University Operating Status

Two Mason Gross alumnae join a dance company focused on equine artistry

Kat Reese
Kat Reese joined The Equus Projects in October 2017, combining her passion for dance and experience as an equestrian.
Photo: Rachel Keane

Kat Reese began riding horses at age 8, entering the world of dressage competitions and enjoying a decade-long career as an equestrian. Then, her other passion – dance – took the lead and she enrolled at Mason Gross School of the Arts as a BFA major. Studio and class time ate up the daylight hours, and Reese, who graduated in 2014, accepted that her “barn life,” as she fondly calls it, was over.

After all, Reese says, “Dance and horses felt really separate.”

Enter The Equus Projects, a dance company that creates site-specific works combining performance with equestrian artistry. Reese was introduced to the company’s founder and artistic director, JoAnna Mendl Shaw, by fellow Mason Gross BFA/EdM alumna Maddie Warriner, who had met Shaw at the Bates Dance Festival in Lewiston, Maine, in 2017.

Reese, however, was hesitant about the idea of dancing with horses.

“I was a little bit unsure of how they used horses in the works, and I didn’t want it to be something where we were teaching the horses circus tricks,” says Reese. “I didn’t want it to feel gimmicky.”

After attending a workshop with Shaw and then observing a performance with a horse, Reese determined that Equus performances were “done in a really responsible way that shows a lot of care for the horse as its own being.”

She and Warriner joined the company in October 2017, and went through training for basic ground handling and horsemanship. Dancers also train in Physical Listening, a technique developed by Shaw that includes practicing observation of and reaction to body cues, as well as nonverbal communication methods.

“It’s all about intention. Horses are pack animals, so they can read your body language really well. It’s literally like being a psychic with an animal.” – Maddie Warriner

The horses are trained, too, but there’s plenty of room for improvisation. To actually create movement with an equine partner (not just “dancing at a horse, or next to a horse,” says Reese), performers must develop a dialogue that flows with the animal’s behavior and mood, relying on their training to intuit feelings of anxiousness, comfort, playfulness, and even anger.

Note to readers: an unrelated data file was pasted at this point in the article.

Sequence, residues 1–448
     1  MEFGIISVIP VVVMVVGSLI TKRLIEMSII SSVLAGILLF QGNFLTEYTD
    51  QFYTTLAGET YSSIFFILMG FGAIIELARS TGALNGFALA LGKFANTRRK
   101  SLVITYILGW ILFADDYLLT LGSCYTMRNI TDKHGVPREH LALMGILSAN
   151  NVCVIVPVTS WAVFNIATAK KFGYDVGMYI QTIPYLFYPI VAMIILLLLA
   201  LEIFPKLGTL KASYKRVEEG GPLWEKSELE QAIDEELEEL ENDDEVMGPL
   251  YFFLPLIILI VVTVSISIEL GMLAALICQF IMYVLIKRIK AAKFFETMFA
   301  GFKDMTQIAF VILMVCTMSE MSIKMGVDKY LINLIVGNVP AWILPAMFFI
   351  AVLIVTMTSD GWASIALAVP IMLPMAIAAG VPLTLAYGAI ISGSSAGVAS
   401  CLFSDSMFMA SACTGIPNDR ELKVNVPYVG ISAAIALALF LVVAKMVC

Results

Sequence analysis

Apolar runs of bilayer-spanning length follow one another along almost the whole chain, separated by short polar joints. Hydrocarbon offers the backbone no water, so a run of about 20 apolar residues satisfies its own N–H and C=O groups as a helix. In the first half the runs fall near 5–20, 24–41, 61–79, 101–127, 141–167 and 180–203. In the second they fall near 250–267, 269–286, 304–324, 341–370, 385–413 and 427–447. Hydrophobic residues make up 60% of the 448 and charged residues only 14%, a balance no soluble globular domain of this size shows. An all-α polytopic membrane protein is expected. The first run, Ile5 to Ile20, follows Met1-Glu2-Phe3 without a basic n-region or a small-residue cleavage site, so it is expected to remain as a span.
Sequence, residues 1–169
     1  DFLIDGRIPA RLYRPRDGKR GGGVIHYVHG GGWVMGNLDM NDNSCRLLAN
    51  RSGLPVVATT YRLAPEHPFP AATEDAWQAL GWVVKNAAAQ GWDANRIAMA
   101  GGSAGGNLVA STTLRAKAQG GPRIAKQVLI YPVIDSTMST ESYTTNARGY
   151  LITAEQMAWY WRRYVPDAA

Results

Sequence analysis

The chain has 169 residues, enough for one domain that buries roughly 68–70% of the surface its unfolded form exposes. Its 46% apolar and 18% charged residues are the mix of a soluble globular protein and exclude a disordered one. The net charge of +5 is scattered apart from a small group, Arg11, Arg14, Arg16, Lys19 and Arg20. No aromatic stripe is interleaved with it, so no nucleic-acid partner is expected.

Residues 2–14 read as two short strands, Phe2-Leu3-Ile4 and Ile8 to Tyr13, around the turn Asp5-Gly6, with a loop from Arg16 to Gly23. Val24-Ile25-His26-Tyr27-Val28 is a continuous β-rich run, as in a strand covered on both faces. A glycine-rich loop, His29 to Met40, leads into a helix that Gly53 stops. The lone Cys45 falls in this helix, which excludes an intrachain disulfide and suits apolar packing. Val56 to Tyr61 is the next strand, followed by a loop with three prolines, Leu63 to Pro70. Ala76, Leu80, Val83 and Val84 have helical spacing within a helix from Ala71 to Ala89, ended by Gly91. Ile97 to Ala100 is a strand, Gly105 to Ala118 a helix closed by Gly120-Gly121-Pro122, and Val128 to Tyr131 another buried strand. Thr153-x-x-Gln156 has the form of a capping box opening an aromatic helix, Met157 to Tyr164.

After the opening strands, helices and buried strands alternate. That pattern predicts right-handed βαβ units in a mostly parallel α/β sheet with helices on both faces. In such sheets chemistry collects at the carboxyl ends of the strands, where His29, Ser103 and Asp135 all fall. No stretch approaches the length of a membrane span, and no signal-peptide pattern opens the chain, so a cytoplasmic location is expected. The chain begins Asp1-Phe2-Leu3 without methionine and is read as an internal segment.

Maddie Warriner
Mason Gross alumna Maddie Warriner had little experience with horses before joining The Equus Projects.
Photo: JoAnna Mendl Shaw

“I learned how to make a horse turn in a circle without touching it, without making any signals, simply by looking at it and cocking my head in a certain direction,” explains Warriner, who had little experience with horses prior to joining The Equus Projects. “It’s all about intention. Horses are pack animals, so they can read your body language really well. It’s literally like being a psychic with an animal.”

One tactic Reese uses is called “creating passwords,” in which she observes the horse’s movement – a tail swish, a head turn to the left – and then assigns a choreographed reaction. Her physicality grabs the horse’s attention, prompting another reaction by the horse.

The result is an improvised exchange between the dancer and the horse that results in “beautiful duets,” says Warriner.

When working with a partner that can weigh up to a ton, an intense amount of awareness is required to create a safe and comfortable environment – dancers must be fully present with the horse at all times.

“You’re both safe as long as you’re not doing anything to scare the horse or freak it out, or you’re not getting too pompous or egotistical or getting into your own performance and not paying attention to the horse anymore, because you can get hurt that way,” explains Warriner.

“Ideally, we’re creating a relationship in real time in front of the audience,” adds Reese. “It’s a creature that you can’t talk to, first of all, so all of the communication is physical, and second, it’s an animal that’s 10 times our size. So it doesn’t work for me to just come in with all of my ideas and slap them on that horse, because they could easily say no and that’s it.”

Warriner and Reese both agree that their Rutgers dance training translated surprisingly well to performing with horses.

“Learning how to respond to other bodies, learning how to listen and be able to react, being able to sponge off of other people, or dance with them, dance against them – I like to call it ‘advanced body language,’ where you’re understanding what the other person is doing and being able to take that and run with it,” says Warriner.

For Reese, the complexities of simultaneously improvising and choreographing is challenging, given her equestrian roots.

“I came from a place where it was very matter-of-fact, where I needed the horse to do a job, so I asked it and figured it out and made it happen, and then rewarded it when it was done and moved on,” Reese says. “Now I have a much wider spectrum, where it’s not just getting from A to B, it’s about creating a dance with that horse.”

While not all Equus performances involve horses, the equestrian aesthetic of careful reaction and real-time decision making is apparent in all of their work. The company’s latest project focuses on bringing the arts to rural America, and took members on tour to five cities in Wisconsin in March to perform, collaborate, and teach.

As Reese discovered, there are valuable lessons to be learned from creating choreography with a horse.

“There’s a level of having to find a middle ground, or a common space, that I think transcends all animals and all people,” Reese says. “Especially in the world we’re in today, seeing an example of not just using muscle and power and hard-headedness to get an outcome of some kind is important.”